Posts Tagged ‘ how to choose a dvr’



How to Choose a Security Camera System Based on Your Layout

Written By:
Thursday, November 6th, 2014

Many people know that they would like to have a security camera system for their home or office, but they just don’t know where to start. Here are a few things to think about when choosing your system to help ensure you get the right equipment and plan a smooth and efficient installation. This article will help you how to choose a security camera system based on your layout.

The first thing you might want to think about is the floor plan of your home or business, the areas you would like your cameras to cover, and the environment surrounding each camera. Doing this will give you a good idea of the type of equipment you will need and how many cameras are required.

Property Layout, Coverage Area and the Surrounding Conditions

Let’s use the illustration below as an example. Here is a house where we want to plan and install a security camera system. We can answer a lot of questions simply by using this example. (See Fig. 1-1)

Security Camera Layout 1-1Camera Layout Fig. 1-1

Notice we have 4 cameras setup and labeled in various locations around the house. What can we tell from this simple illustration?

Camera 1: We want camera 1 to cover our patio, front door, front walkway and front yard. For this camera we need a wide field of view, a good quality image, and we need to see at night with a low or no light source. In this case you might want to go with a 800 TVL (TV Line) high quality camera with a 3.6 fixed lens (wide field of view) and 50′ IR (can see up to 50 feet at night with the assistance of built in infrared).

Camera 2: This camera will focus on the driveway and garage door. We also want a wide field of view and good image quality as well as 100′ IR for a longer night vision distance.

Camera 3: Camera 3 has similar requirements as camera 1, so we can use the same camera.

Camera 4: On camera 4 we want to view and monitor the pool area. Unlike the fixed lens cameras used for the rest of the house we want a varifocal lens (can be zoomed and focused on a specific area). We also need a good quality picture and night vision.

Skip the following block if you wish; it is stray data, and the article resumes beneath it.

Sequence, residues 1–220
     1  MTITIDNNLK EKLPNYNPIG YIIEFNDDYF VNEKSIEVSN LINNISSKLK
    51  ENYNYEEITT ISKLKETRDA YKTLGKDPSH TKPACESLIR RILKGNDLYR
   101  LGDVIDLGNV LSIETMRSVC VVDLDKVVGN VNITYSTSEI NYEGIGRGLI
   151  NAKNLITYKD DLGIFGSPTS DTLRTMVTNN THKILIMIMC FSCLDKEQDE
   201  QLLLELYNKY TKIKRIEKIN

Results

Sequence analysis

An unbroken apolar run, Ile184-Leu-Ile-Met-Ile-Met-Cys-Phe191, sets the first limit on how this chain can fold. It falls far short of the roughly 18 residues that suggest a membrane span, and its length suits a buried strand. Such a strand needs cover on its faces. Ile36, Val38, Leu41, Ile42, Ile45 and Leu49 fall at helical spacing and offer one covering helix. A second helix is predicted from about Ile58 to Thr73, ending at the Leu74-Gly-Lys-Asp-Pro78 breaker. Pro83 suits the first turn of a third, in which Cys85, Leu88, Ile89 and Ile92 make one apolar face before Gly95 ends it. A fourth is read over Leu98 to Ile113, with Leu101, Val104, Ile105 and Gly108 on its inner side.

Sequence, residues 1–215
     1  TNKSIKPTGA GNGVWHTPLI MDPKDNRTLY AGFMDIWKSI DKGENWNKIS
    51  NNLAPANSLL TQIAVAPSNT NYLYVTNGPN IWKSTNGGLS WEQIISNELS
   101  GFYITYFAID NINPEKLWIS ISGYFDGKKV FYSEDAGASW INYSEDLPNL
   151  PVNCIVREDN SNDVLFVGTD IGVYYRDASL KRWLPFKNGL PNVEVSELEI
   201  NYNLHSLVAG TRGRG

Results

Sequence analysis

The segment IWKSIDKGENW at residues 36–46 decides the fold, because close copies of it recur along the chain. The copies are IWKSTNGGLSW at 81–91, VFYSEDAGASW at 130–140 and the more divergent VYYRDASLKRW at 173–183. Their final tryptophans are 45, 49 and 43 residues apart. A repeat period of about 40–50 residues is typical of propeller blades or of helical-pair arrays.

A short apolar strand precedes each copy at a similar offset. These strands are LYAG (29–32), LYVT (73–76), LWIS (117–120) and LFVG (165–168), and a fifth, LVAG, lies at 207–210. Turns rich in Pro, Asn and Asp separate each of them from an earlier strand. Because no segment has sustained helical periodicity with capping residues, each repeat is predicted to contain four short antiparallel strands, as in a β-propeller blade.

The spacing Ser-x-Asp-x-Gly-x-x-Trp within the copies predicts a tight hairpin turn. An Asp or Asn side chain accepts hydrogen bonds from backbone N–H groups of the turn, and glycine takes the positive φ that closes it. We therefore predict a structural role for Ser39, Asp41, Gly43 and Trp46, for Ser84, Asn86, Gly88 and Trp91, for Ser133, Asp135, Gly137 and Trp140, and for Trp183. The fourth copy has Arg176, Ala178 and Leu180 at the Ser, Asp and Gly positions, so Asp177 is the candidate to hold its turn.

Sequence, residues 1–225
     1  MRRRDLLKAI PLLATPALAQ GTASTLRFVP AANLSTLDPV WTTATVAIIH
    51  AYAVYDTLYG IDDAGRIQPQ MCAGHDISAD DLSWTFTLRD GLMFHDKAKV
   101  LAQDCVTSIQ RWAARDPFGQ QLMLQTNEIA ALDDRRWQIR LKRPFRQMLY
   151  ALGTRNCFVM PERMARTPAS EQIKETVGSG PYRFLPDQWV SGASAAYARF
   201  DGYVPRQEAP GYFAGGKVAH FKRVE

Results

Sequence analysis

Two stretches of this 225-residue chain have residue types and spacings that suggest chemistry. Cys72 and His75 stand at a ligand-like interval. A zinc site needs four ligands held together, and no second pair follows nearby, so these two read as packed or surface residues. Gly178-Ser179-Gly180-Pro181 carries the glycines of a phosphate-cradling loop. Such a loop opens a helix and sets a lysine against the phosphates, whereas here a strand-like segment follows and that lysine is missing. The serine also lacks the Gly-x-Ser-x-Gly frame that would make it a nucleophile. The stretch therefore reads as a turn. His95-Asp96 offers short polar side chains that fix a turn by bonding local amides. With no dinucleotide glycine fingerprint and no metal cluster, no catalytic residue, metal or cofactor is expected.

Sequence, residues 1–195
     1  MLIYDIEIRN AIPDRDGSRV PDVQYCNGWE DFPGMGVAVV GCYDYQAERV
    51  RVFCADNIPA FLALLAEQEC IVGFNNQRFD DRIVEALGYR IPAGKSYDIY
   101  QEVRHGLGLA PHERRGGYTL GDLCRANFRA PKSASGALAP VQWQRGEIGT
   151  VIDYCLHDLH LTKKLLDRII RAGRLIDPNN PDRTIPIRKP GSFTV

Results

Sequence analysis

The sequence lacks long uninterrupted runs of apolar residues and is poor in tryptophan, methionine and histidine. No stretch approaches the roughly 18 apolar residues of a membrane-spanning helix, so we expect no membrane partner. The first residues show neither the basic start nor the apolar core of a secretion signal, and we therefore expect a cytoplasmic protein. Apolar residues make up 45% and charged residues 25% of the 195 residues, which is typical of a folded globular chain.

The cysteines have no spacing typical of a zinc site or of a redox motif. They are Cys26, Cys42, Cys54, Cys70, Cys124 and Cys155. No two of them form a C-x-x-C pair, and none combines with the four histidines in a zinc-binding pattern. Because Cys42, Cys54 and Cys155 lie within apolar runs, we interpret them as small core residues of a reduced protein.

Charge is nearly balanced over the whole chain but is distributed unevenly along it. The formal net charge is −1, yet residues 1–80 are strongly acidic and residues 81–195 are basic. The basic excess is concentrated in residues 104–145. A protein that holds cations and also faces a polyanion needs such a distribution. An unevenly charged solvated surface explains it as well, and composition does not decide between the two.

Another thing we can tell by looking at our layout is there are some other areas of the home that are not covered at all. In this case we might decide that a 4 camera system is not sufficient for our needs. But for the purposes of this article we will stick with 4 cameras for now.

Note: In some cases you may want to purchase an 8 channel DVR even though you are only going to start with 4 cameras. This gives you the ability to scale your security camera system over time.

Choosing Your Camera Types

Now we need to choose the types of cameras we want use. Below are images of two popular camera styles mounted on the soffit of the house. There are a few things to consider when choosing your camera type(s).

Dome or Vandal Dome Security Camera

Dome Security Camera Mounted
Fig. 1-2

Bullet Security Camera

Bullet Security Camera Mounted 1
Fig 1-3

In this case using a bullet camera gives you the ability to drop below the obstruction or even mount the camera on the wall as seen in the photo below. (See Fig. 2-3)

Bullet Security Camera Mounted 2
Fig 2-3

Let’s assume the back of the house near the pool area has gutters that will make using a dome camera difficult. We also know that we want to be able to point the camera so that it’s looking directly at the pool. In this case we might want a bullet camera.

One more thing to note is that there are indoor and outdoor cameras. Outdoor cameras are also known as weather resistant or weather proof. We will be using all outdoor cameras for our installation.

By using our layout, taking into consideration the areas we want cover and the conditions around each camera, we have decided on the following cameras listed below:

Camera 1: (Front)
700 TVL Dome style Security Camera with a fixed wide angle lens and 50′ IR for night vision.

Camera 2: (Driveway)
700 TVL Dome style Security Camera with a fixed wide angle lens and 100′ IR for night vision.

Camera 3: (Back Yard)
700 TVL Dome style Security Camera with a fixed wide angle lens and 50′ IR for night vision.

Camera 4: (Pool)
700 TVL Bullet style Security Camera with Wall Mount, Varifocal lens and 100′ IR for night vision.

Choosing Your DVR

Now that we have picked out our cameras we need to choose the right DVR. A few questions you might ask yourself are: how many days of recording would I like to be stored on my DVR for play back? How important is the clarity and quality of the play back footage and do I want to view my cameras remotely via a computer, mobile device or phone?

In our case we want to be able to view recorded video for up to 7 days. We also want high quality playback and remote viewing.

Storage Requirements

If we want to have 1 week of recordings on 4 cameras, 24 hour a day, 7 day a week at high quality, we will need about 650 gigabytes of storage. Most DVRs today use standard hard drives as a storage device, so a 1 terabyte hard drive will do. You can determine storage requirement with a hard drive calculator like this one on SecurityCameraKing.com

Performance

We’ve already determined that we are going to start with an 8 channel DVR even though we are only going to install 4 cameras at this time. We also want a DVR that can record the highest quality image in real time on all 8 channels. When choosing a DVR take your time and do some research. Some lower cost DVRs may not be able record at the highest quality on all channels due to processor or hardware limitations.